Mesencephalic dopaminergic neurons labeled by tyrosine hydroxylase (TH) immunohistochemistry 4 weeks after IgG injection into the right side. A, Injection with phosphate-buffered saline. B, Injection with disease control IgG. C, Injection with Parkinson disease (PD) IgG demonstrating a significant loss of the TH-positive cells on the right side injected with PD IgG. Images were acquired with a Polaroid 35-mm scanner and stored on a Dynova PC using Adobe Photoshop software (Adobe Systems Inc, Seattle, Wash) (original magnification ×12).
Higher magnification of right side of substantia nigra dopaminergic neurons labeled by tyrosine hydroxylase (TH) immunohistochemistry 4 weeks after IgG injection. A, Injection with phosphate-buffered saline. B, Injection with disease control IgG. C, Injection with Parkinson disease IgG demonstrating significant loss of TH-positive cells. Images were acquired with a Polaroid 35-mm scanner and stored on a Dynova PC using Adobe Photoshop software (Adobe Systems Inc, Seattle, Wash) (original magnification ×120).
Ratio of tyrosine hydroxylase–positive cell counts in the injected side to those in the uninjected side of the substantia nigra was determined for each animal injected with a particular IgG preparation by averaging the appropriate ratios of profile counts observed on single sections. Each point on the scattergram represents a single animal. The dashed line represents the mean of observations in the Parkinson disease (PD) group. EMS indicates eosinophilia-myalgia syndrome; AD, Alzheimer disease; GBS, Guillain-Barré syndrome; ALS, amyotrophic lateral sclerosis; MS, multiple sclerosis; and CIDP, chronic inflammatory demyelinating polyneuropathy.
A, The structure of the substantia nigra pars compacta (SNpc) and the density of neurons (arrow) are preserved in the vicinity of the site of local injection with IgG from a patient with chronic inflammatory demyelinating polyneuropathy. B, The structure of the SNpc is destroyed, and perivascular edema (arrowheads) and mononuclear cell infiltration (mainly macrophages and few lymphocytes) are present 4 weeks after the injection of Parkinson disease IgG. Sections are 2 µm thick, embedded in tissue-freezing medium (Triangle Biomedical Sciences, Durham, NC) (toluidine blue, original magnification ×220).
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Chen S, Le WD, Xie WJ, et al. Experimental Destruction of Substantia Nigra Initiated by Parkinson Disease Immunoglobulins. Arch Neurol. 1998;55(8):1075–1080. doi:10.1001/archneur.55.8.1075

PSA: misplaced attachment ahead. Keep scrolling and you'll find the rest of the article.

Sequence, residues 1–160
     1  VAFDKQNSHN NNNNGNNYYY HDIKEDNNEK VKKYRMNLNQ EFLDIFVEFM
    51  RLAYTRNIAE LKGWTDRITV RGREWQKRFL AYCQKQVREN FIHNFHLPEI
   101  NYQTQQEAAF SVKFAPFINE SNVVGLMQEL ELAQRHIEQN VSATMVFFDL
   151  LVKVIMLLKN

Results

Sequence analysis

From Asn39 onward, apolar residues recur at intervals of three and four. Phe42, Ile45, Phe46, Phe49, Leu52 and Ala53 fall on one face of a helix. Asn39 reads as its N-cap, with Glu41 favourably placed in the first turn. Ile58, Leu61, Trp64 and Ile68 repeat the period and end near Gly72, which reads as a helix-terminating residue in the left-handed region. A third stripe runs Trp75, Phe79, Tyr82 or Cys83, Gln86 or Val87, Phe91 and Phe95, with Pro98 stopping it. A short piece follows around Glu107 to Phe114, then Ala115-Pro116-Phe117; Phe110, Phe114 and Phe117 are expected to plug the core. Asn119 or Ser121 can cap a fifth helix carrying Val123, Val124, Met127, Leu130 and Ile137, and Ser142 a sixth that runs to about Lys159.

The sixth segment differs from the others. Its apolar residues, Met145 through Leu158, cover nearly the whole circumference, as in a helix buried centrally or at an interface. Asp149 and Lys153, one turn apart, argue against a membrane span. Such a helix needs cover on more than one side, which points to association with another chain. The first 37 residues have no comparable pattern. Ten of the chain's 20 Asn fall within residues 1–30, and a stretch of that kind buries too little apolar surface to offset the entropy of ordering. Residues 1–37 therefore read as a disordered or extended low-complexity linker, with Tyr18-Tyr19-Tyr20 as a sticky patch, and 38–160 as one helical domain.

Increased levels of free radicals and oxidative stress may contribute to the pathogenesis of substantia nigra (SN) injury in Parkinson disease (PD), but the initiating etiologic factors remain undefined in most cases.
To determine the potential importance of immune mechanisms in triggering or amplifying neuronal injury, we assayed serum samples from patients with PD to determine the ability of IgG to initiate relatively specific SN injury in vivo.
IgG purified from the serum of 5 patients with PD and 10 disease control (DC) patients was injected into the right side of the SN in adult rats. Coronal sections were cut from the whole brain at the level of the stereotaxic injections, stained for tyrosine hydroxylase and with cresyl violet, and cellular profiles were counted in identical brain regions at the injection and contralateral sides. The ratio of cell profile counts of the corresponding injected and uninjected regions was used as an internal standard.
Four weeks following injection of IgG, a 50% decrease in tyrosine hydroxylase–positive cellular profiles was noted on the injected sides compared with the contralateral sides of the same animals. Similarly, applied DC IgG caused only an 18% decrease. Cresyl violet staining revealed a 35% decrease in neuronal profiles of PD IgG injected into the SN pars compacta compared with the contralateral uninjected side, whereas DC IgG caused a minimal 10% decrease. Even at 4 weeks after the PD IgG injections, perivascular inflammation and significant microglial infiltration were present near injured SN pars compacta neurons. No cytotoxic effects of PD IgG were noted in choline acetyltransferase–positive neurons after stereotaxic injections into the medial septal region. Absorption of PD IgG with mesencephalic membranes and protein A agarose gel beads removed cytotoxicity, while absorption with liver membranes did not change the cytotoxicity.
Our data suggest that PD IgG can initiate a relatively specific inflammatory destruction of SN pars compacta neurons in vivo and demonstrate the potential relevance of immune mechanisms in PD.